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icler, and that of the Tyrolese peasant, are substantially the
same. Each of them assumes that Nature, instead of flow-
ing ever onward in the uninterrupted rhythm of cause and
effect, is mediately ruled by the free human will. As re-
gards direct action upon natural phenomena, man’s will is
confessedly powerless, but it is the trigger which, by its
own free action, liberates the Divine power. In this sense,
and to this extent, man, of course, commands Nature.

Did the existence of this belief depend solely upon the
material benefits derived from it, it could not, in my opinion,
last a decade. As a purely objective fact we should soon
see that the distribution of natural phenomena is unaffected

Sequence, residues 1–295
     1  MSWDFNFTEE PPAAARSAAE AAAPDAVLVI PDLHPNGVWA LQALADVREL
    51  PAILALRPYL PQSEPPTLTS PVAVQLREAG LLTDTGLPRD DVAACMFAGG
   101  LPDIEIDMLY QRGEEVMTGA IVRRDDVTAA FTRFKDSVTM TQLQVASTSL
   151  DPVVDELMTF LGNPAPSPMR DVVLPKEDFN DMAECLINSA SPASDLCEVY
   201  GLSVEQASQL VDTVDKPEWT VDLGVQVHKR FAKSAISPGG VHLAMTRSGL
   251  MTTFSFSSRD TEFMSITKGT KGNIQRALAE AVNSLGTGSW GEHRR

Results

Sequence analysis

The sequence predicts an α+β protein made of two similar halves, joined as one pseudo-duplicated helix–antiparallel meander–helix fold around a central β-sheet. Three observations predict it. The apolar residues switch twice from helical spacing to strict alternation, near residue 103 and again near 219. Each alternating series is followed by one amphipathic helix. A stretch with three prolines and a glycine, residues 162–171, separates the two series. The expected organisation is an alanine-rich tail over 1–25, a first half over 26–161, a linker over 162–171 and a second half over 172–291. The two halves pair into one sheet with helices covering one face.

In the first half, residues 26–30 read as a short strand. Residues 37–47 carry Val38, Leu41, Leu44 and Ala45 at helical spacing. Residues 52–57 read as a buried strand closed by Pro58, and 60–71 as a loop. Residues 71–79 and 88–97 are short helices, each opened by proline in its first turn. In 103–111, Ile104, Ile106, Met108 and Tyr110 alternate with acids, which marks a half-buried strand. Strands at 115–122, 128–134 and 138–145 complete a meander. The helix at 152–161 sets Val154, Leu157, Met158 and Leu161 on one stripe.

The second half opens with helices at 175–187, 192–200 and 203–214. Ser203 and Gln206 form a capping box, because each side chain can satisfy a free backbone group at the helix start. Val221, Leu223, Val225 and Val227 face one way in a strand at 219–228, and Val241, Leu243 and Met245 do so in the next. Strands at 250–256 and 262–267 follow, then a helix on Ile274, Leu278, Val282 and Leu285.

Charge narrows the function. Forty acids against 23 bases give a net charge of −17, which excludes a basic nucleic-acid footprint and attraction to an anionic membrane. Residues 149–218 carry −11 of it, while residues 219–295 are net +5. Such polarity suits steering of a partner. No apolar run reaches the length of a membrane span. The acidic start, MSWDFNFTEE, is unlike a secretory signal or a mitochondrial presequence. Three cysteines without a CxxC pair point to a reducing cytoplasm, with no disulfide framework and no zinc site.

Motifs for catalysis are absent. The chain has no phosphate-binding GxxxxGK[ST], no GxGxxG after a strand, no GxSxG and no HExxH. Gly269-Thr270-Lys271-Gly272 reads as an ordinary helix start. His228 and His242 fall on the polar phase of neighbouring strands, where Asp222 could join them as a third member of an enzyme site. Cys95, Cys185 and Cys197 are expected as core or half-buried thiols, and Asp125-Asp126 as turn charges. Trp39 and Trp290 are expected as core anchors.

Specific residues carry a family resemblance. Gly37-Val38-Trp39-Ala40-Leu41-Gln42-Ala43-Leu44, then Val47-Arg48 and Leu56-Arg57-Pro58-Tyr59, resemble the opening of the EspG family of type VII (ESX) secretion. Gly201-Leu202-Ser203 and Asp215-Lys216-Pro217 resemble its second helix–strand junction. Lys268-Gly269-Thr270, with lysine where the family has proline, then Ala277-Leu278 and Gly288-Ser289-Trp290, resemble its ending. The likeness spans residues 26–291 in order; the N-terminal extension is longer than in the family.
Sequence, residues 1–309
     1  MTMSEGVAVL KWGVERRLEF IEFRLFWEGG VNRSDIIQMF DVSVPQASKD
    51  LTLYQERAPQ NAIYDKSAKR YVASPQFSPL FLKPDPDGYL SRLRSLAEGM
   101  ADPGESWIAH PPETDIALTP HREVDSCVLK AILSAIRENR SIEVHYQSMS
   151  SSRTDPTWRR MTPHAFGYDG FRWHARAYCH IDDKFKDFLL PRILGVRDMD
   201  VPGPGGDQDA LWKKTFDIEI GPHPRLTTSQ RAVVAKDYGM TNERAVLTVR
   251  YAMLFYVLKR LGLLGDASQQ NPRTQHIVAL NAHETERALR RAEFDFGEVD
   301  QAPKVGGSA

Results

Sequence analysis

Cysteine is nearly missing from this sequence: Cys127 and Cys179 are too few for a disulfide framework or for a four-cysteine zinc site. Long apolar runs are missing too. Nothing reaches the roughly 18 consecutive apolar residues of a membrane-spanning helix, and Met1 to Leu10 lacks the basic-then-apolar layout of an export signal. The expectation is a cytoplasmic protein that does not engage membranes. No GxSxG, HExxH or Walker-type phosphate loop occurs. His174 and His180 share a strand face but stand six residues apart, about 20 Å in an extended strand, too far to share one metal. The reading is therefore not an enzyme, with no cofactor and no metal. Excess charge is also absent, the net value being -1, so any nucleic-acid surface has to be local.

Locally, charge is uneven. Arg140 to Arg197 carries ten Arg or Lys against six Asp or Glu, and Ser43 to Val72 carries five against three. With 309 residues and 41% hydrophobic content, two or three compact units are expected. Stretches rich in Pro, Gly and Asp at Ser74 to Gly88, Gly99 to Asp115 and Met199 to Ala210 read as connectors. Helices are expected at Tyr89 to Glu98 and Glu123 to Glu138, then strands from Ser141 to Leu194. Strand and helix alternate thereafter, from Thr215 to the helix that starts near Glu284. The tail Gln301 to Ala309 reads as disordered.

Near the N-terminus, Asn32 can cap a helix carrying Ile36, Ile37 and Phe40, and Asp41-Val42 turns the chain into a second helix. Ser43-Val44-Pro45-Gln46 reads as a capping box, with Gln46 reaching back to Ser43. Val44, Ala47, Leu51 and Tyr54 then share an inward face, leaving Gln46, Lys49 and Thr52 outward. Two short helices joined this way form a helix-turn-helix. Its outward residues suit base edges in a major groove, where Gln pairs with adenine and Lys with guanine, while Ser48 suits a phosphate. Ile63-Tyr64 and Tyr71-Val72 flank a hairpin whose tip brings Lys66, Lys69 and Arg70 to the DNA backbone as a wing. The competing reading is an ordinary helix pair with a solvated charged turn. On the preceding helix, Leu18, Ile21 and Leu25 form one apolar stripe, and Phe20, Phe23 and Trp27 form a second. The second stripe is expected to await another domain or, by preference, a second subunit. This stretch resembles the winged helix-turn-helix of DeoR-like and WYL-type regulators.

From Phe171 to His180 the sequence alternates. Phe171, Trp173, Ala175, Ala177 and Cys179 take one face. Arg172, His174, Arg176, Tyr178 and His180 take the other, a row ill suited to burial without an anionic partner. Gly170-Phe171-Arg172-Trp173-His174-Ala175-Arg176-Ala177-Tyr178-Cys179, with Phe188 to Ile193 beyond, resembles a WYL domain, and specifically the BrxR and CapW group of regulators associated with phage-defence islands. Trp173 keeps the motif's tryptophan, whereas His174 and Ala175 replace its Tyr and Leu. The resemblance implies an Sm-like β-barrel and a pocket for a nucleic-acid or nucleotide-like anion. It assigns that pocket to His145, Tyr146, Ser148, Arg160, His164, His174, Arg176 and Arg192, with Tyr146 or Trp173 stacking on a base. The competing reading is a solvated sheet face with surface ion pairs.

by the merits or the demerits of man ; that the law of gravi-
tation crushes the ,simple worshippers of Ottery St. Mary,
While singing their hymns, just as surely as if they were
engaged in a midnight brawl. The hold of this belief upon
the human mind is not due to outward verification, but to
the inner warmth, force, and elevation with which it is com-
monly associated. It is plain, however, that these feelings
may exist under the most various forms. They are not
limited to Church of England Protestantism—they are not
even limited to Christianity. Though less refined, they are
certainly not less strong, in the heart .of the Methodist and
the Tyrolese than in the heart of Mr. Mozley. Indeed, those
feelings belong to the primal powers of man’s nature. A.
“ skeptic” may have them. They find vent in the battle-
cry of the Moslem. They take hue and form in the hunting-
grounds of the red Indian; and raise all of them, as they
raise the Christian, upon a wave of victory, above the ter-
rors of the grave.

The character, then, of a miracle, as distinguished from
a special providence, is that the former furnishes proof;
while in the case of the latter we have only surmise. Dis-
solve the element of doubt, and the alleged fact passes from
the one class of the preternatural into the other. In other


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